First, it can be used as poor man's hacking to align the minute and seconds hand. Winding must be quite down for this to work.
Second, on some units only, if you insist enough with setting backward in short pulses, you could be able to get the entire train moving in reverse for something like 15, 20 seconds, maybe more. I suppose it has to do with the tightness of the cannon pinion and the micro geometry of the escapement. 

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6 hours ago, jdm said:

Being her we are watch repairers, or at least aspire to become.And we need to understand well what we work on.
So when faced with canned statements like that be prepared to ask or research: why?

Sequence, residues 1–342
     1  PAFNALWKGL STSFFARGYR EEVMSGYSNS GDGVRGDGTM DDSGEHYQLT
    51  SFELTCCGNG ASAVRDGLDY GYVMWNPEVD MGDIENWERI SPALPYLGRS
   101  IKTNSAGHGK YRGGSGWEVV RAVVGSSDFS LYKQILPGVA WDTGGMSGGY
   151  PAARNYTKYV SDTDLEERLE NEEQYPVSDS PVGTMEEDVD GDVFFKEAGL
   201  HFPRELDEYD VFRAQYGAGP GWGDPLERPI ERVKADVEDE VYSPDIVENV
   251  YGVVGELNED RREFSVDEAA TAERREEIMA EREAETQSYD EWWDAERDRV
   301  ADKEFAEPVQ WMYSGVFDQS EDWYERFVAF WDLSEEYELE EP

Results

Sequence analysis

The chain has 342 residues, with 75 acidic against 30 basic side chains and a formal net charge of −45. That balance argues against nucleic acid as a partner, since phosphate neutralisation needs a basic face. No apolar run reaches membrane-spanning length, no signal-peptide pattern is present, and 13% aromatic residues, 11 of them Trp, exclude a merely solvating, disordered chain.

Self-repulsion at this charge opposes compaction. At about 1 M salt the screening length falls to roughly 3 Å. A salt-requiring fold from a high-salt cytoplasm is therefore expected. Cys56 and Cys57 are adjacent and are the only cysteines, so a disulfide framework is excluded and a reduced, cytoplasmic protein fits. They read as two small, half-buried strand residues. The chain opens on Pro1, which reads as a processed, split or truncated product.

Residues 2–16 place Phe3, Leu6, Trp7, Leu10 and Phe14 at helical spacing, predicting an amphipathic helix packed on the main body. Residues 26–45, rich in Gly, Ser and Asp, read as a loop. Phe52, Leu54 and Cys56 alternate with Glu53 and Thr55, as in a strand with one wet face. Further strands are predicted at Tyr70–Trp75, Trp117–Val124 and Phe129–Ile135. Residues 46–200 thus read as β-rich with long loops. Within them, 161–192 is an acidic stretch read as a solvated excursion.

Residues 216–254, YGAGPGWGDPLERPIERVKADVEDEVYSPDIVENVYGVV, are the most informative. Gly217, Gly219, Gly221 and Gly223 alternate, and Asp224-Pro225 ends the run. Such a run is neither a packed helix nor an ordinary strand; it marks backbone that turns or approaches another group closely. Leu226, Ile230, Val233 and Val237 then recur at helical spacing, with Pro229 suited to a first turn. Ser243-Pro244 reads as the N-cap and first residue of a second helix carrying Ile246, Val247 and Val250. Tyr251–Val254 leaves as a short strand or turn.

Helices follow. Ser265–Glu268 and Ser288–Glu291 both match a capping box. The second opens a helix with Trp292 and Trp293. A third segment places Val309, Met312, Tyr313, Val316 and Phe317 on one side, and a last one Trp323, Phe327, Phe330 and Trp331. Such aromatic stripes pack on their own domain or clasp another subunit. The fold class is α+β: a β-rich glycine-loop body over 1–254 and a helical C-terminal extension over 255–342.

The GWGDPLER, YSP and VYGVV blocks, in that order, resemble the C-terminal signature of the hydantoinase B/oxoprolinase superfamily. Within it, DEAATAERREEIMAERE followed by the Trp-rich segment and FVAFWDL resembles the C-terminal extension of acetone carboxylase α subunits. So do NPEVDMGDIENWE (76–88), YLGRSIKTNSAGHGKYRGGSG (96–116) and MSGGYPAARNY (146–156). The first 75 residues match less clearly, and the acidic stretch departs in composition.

I'd suggest, knowing how hand setting works, friction slippage of the cannon pinion via the keyless works it would be logical to say it's a risk unless you have an urgent need to turn the hands in reverse then don't, I tell people it's bad practise and I do know people who've damaged watches by doing so harshly.

Even referencing this.

7 hours ago, jdm said:

 

 

First, it can be used as poor man's hacking to align the minute and seconds hand. Winding must be quite down for this to work.
Second, on some units only, if you insist enough with setting backward in short pulses, you could be able to get the entire train moving in reverse for something like 15, 20 seconds, maybe more. I suppose it has to do with the tightness of the cannon pinion and the micro geometry of the escapement. 

Specifically the 'secondly' part, if you can stop and make a movement run backwards you know that can't be good, it's simply not designed to do that.

The 'first' point however is valid when done carefully and something I use with non hacking movements as I'm pernickety with time setting.